Managing Public DNS records During a Recovery using OCI Full Stack DR

February 28, 2024 | 3 minute read
Atefeh (Ati) Yousefi-Attaei
Senior Cloud Engineer | North America Cloud Engineering
Text Size 100%:


Create a traffic management steering policy with a custom load balancer hostname.

In my first blog, my load balancers in both regions didn't have any custom domain names, and in most of the customer cases, we do have custom URL names assigned to the LB. However, I decided to demonstrate how to handle the failover from the primary region to the secondary with OCI DNS management. In this solution, we assign one custom URL domain to both LBs in our primary and secondary DR regions.

Let's dive in. Navigate to the DNS management from the Networking resources and click on Traffic management steering policies.


Click on Create Traffic Management Steering Policy and fill out all the required items there.

Check the screenshots below.

Note: The load balancers with an A record was added to the first and second answer pools.

Note: is the San Jose public load balancer IP address and is the Phoenix public load balancer IP address.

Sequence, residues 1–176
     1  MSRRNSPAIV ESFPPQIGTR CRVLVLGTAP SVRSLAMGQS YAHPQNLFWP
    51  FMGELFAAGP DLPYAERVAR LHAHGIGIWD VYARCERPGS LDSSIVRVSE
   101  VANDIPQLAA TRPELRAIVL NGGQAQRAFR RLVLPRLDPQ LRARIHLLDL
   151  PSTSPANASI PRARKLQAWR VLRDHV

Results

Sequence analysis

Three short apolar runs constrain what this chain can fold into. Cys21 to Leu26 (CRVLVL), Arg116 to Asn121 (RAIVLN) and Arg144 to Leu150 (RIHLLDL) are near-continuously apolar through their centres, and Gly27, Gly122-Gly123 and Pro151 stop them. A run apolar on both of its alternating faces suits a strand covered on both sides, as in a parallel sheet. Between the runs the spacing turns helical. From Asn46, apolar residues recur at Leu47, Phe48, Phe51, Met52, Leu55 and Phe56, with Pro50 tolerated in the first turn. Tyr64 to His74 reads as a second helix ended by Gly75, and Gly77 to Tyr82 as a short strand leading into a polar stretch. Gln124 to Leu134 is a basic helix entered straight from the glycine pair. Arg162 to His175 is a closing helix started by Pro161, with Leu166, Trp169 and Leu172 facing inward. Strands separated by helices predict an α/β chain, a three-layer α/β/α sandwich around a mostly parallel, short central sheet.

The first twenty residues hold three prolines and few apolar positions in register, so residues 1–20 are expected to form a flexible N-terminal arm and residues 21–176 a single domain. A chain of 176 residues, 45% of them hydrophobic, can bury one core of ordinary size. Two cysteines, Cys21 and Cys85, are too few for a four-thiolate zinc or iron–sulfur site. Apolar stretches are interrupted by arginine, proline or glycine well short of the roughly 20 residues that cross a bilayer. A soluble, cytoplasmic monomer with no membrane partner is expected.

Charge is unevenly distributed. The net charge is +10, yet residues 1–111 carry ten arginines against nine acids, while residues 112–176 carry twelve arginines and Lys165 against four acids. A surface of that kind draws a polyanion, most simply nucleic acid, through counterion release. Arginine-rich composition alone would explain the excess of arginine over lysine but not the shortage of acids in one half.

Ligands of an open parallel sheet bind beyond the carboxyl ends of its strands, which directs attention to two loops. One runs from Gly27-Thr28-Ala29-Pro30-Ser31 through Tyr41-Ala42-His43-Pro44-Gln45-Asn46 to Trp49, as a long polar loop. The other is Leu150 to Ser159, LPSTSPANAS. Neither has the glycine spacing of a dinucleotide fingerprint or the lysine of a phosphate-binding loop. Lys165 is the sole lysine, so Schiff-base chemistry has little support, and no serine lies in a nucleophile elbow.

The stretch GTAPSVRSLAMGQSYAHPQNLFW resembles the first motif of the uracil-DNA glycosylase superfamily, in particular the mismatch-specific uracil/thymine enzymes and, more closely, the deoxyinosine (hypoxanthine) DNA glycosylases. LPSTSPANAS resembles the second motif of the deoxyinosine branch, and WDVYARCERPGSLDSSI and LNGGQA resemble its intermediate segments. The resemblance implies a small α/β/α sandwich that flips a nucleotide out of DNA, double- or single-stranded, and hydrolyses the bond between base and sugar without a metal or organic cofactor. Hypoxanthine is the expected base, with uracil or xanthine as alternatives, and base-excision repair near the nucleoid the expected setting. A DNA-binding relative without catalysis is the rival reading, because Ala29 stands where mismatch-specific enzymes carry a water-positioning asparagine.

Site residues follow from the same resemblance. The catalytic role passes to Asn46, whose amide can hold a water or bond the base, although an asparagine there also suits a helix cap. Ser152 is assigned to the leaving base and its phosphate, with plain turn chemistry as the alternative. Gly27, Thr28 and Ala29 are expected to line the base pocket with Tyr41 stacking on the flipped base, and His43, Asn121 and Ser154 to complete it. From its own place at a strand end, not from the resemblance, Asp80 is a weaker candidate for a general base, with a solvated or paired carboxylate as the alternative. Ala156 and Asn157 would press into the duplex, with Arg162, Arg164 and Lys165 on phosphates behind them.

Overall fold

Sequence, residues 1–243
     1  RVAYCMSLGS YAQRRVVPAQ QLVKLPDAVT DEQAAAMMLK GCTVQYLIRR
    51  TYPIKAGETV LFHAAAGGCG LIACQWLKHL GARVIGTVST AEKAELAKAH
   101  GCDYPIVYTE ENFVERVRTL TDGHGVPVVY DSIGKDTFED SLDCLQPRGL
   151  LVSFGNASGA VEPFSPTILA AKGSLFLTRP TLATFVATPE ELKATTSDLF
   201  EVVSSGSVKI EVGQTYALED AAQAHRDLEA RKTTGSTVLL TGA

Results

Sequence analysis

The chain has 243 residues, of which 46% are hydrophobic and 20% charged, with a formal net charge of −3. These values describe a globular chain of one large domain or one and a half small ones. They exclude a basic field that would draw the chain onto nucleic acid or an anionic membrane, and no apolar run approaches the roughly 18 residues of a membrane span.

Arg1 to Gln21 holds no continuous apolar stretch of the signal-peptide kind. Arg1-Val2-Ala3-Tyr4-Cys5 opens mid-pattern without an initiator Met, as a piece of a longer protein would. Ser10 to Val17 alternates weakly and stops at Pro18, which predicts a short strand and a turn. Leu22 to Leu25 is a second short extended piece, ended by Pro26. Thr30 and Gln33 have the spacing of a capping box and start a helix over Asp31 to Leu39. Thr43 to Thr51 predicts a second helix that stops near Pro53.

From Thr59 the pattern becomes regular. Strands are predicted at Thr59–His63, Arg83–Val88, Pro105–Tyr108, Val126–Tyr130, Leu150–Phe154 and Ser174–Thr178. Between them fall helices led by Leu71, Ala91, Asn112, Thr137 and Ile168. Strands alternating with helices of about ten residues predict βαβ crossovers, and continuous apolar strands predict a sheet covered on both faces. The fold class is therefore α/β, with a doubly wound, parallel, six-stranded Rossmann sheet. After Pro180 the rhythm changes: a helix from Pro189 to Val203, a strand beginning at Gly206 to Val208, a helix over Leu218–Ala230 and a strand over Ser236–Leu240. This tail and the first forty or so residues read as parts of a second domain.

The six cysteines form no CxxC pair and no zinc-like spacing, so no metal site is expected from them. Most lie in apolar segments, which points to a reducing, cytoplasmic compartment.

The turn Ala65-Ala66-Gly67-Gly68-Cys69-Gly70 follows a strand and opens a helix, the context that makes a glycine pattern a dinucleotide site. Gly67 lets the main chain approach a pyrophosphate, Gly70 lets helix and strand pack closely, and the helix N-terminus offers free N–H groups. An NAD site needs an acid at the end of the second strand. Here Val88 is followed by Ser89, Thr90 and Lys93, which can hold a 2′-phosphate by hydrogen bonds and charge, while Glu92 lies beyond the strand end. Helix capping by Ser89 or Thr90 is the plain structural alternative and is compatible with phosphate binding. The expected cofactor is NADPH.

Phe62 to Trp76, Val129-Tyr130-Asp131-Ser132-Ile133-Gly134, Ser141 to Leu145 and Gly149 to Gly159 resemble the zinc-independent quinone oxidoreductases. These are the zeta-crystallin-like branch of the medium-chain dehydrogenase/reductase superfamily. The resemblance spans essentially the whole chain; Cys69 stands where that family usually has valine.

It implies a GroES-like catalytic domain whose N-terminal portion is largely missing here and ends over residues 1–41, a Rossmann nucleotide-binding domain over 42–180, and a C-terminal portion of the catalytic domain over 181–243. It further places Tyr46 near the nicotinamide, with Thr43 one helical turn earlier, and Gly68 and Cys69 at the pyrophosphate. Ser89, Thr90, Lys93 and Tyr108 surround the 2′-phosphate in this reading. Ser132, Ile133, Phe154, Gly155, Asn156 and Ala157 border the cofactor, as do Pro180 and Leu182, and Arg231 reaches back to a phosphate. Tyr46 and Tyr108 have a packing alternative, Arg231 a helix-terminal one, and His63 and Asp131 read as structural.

Note: You must have an available public zone with your registered domain configured on OCI. Otherwise, you won't have any zone options available to choose from. 

Note: In my case, I configured "fsdr" as a subdomain/hostname for the "" domain, where we already have the zone and required certificate configured inside the OCI.

Note: In the Pool priority configure section, San Jose LB (primary region) is first, and Phoenix LB is the second one (Phoenix is the DR region in this blog).

After I created a policy, I ran the “nslookup” command to see where my LB URL resolves.

As you see below, the server IP belongs to San Jose LB.


Execute the DR plan to validate the load balancer failover.

For testing the DR solution, I executed the DR plan once again and made the Phoenix region primary this time; as you see below, the LB URL this time was resolved with the public IP address of the Phoenix load balancer.


In the last step, I took a screenshot from the traffic steering policy details page; as you see below, the San Jose health check status is unhealthy because there is no compute instance available in a backend set server, and DNS policy failover the traffic to the second LB in Phoenix with healthy backend set server.



I hope you enjoyed it!

Atefeh (Ati) Yousefi-Attaei

Senior Cloud Engineer | North America Cloud Engineering

Previous Post

Managing Load Balancers During a Recovery using OCI Full Stack DR

Next Post

Integrating OCI Generative AI with Select AI and APEX to query data using natural language

Rekha Mathew | 8 min read